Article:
Photo courtesy of Shannon Bradley
These little guys’ happy smiles make them some of the cutest Australian animals! Quokkas are some of the smallest members of the macropod family (aka “big foot”), which includes kangaroos and wallabies. You can get an Instagram-worthy quokka selfie on Rottnest Island off the coast of Perth. But remember: while quokkas look cute and cuddly, they are still wild animals, and it’s illegal to actually touch them.
Wombat at Bonorong Wildlife Sanctuary. Image: Tourism Tasmania
Wombats are some of the lesser known Australian animals, but once you get to know these waddling marsupials, they just might be your new favorite! Wombats are very short and sturdy, and they’re some of the world’s best diggers. Fun fact: their poo is square thanks to their extremely long digestive system.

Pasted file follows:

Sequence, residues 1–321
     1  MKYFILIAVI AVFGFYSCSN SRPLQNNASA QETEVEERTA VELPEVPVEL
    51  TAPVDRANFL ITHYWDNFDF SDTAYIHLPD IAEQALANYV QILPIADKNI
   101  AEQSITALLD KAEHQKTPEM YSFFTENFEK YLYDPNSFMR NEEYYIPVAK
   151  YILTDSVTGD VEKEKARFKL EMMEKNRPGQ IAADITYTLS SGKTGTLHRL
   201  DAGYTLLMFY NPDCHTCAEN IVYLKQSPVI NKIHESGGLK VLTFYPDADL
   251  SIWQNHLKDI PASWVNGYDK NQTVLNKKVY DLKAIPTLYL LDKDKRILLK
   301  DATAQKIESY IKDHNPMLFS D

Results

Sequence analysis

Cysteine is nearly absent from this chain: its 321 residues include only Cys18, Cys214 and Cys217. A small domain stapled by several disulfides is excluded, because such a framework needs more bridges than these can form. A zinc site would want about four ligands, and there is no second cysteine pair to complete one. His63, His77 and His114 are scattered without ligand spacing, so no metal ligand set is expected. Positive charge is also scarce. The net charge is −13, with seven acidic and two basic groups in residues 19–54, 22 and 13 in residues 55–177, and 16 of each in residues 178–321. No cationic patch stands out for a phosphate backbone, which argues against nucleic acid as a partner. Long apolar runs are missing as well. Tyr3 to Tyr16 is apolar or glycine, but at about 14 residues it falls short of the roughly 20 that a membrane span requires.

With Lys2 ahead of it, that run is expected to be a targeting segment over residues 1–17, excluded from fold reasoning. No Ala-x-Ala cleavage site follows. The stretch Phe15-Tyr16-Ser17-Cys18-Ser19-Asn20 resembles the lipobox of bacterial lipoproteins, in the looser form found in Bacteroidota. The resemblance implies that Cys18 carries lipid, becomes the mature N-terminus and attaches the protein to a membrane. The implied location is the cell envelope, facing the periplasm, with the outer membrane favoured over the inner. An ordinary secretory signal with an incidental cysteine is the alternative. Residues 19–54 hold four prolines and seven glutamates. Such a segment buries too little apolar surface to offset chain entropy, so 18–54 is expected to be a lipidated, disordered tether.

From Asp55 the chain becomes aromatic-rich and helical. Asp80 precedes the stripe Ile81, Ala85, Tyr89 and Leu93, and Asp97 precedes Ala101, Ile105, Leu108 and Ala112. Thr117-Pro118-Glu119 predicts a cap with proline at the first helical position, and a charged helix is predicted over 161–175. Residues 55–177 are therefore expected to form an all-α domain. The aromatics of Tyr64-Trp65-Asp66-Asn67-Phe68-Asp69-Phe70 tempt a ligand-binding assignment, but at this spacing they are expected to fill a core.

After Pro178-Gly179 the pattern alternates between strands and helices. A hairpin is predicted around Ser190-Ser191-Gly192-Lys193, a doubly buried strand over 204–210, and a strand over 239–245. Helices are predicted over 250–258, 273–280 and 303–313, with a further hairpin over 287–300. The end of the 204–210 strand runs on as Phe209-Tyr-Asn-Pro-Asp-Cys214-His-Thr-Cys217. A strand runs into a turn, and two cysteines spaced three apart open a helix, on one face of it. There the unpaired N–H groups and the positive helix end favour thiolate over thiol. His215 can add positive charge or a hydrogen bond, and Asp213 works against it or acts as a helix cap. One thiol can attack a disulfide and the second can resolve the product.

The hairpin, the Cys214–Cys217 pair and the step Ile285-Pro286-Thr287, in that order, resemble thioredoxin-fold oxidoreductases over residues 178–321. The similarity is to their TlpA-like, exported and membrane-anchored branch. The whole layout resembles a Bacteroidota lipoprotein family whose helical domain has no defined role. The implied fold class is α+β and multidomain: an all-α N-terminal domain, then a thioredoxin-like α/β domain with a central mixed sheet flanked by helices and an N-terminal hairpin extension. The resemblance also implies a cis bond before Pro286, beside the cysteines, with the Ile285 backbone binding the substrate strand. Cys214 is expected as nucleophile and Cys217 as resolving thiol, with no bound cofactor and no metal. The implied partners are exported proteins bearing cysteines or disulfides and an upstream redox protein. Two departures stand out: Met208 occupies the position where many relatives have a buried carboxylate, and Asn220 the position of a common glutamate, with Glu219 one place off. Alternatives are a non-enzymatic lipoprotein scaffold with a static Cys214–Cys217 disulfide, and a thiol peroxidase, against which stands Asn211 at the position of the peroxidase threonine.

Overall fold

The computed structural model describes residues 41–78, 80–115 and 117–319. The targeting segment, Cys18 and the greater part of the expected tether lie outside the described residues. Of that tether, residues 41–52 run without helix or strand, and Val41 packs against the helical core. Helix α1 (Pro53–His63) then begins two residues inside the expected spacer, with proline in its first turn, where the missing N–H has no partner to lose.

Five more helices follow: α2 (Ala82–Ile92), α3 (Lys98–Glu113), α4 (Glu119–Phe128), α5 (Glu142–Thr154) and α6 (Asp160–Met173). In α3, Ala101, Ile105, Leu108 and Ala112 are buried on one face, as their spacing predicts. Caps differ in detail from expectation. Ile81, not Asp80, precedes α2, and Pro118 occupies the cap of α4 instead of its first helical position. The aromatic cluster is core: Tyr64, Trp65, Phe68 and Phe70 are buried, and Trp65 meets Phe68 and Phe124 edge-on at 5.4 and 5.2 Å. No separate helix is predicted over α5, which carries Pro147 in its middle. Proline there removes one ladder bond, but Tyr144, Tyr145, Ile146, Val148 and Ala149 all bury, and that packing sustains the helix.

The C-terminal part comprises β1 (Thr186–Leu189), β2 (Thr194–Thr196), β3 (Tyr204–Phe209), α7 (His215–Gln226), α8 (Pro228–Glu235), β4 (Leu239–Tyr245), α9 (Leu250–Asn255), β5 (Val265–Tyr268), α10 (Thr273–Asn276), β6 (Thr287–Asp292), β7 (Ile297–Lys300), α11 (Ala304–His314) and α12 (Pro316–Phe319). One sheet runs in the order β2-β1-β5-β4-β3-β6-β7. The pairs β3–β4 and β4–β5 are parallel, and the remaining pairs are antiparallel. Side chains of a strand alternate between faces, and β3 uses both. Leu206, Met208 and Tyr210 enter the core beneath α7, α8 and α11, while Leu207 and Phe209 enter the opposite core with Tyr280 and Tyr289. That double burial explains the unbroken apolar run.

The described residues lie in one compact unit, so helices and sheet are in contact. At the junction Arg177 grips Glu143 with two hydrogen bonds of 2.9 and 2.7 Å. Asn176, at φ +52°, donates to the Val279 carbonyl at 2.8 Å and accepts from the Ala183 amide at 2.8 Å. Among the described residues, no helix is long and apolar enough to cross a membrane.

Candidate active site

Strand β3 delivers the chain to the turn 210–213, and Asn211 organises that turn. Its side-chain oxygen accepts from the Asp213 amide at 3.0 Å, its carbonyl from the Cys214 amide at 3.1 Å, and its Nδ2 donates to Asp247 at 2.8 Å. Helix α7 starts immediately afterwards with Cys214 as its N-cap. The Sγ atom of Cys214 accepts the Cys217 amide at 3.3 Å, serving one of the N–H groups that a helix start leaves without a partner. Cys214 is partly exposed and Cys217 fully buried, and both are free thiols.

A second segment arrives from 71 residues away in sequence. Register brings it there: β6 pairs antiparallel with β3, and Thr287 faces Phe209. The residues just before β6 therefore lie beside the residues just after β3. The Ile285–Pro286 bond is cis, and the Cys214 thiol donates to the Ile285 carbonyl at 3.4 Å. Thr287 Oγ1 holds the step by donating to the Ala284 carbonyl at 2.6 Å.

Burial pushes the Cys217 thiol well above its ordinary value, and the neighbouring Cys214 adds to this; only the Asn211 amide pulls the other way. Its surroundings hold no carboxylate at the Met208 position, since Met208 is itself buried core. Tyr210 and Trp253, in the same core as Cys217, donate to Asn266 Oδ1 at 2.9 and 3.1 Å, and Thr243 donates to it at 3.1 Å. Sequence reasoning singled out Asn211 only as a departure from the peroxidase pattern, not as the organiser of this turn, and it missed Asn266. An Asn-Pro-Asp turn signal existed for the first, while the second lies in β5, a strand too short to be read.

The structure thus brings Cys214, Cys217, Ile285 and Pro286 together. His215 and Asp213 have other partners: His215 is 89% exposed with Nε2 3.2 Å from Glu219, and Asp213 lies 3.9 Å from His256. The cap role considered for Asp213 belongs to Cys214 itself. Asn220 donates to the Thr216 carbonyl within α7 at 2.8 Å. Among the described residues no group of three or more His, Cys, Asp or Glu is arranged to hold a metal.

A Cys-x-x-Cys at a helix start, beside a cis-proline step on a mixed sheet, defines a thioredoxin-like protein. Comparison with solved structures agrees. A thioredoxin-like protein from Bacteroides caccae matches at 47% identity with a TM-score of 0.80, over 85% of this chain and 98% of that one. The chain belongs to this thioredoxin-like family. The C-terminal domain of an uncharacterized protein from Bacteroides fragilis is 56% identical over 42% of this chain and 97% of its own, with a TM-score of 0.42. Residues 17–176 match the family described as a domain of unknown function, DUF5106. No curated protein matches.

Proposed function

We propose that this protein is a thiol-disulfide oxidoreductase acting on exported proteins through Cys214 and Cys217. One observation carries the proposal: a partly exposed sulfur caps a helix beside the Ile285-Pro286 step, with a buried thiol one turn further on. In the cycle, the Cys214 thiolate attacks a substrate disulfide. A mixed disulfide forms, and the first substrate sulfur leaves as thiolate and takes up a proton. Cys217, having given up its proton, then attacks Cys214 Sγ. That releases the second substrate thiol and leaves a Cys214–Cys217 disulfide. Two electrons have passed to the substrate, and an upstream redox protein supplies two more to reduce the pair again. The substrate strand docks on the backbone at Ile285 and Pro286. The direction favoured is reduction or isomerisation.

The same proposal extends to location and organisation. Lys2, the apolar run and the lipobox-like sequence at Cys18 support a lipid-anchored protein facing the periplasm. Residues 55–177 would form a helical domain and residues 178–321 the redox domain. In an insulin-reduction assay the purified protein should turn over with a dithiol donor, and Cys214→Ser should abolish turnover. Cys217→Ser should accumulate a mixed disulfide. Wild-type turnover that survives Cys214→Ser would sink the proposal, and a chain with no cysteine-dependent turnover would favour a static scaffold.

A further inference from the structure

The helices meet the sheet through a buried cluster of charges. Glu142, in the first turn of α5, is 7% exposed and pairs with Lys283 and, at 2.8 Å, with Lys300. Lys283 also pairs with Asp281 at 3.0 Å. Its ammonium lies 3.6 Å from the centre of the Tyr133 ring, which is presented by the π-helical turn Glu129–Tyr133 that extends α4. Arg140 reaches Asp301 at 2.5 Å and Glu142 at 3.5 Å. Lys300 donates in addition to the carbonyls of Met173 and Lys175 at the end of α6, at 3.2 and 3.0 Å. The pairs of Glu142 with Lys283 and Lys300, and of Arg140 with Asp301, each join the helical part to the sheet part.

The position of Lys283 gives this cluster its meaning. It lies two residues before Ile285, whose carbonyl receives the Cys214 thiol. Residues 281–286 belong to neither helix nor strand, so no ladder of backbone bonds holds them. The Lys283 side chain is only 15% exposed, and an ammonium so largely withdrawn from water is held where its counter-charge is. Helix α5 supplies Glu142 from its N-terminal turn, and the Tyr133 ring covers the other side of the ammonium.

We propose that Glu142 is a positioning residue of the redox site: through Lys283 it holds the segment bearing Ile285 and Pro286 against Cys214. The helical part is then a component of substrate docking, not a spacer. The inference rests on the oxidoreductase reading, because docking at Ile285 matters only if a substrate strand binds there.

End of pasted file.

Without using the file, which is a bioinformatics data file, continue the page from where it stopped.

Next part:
Wombats can live up to 30 years, but in the wild, most of them survive only 3-5 years. There are some great sanctuaries you can visit that rehabilitate injured and orphaned wombats and release them into the wild. One of our favorites is Bonorong Wildlife Sanctuary in Tasmania. Here, you can even take a private after-hours tour and hand-feed the wombies!
Black quoll. Image: Pepper Bush Adventures
There are 4 species of quoll in Australia, and while they all look a bit different, each species has distinctive white spots. You might mistake these Aussie critters for some type of rodent, but they’re actually carnivorous marsupials that eat birds, reptiles, and sometimes other furry creatures.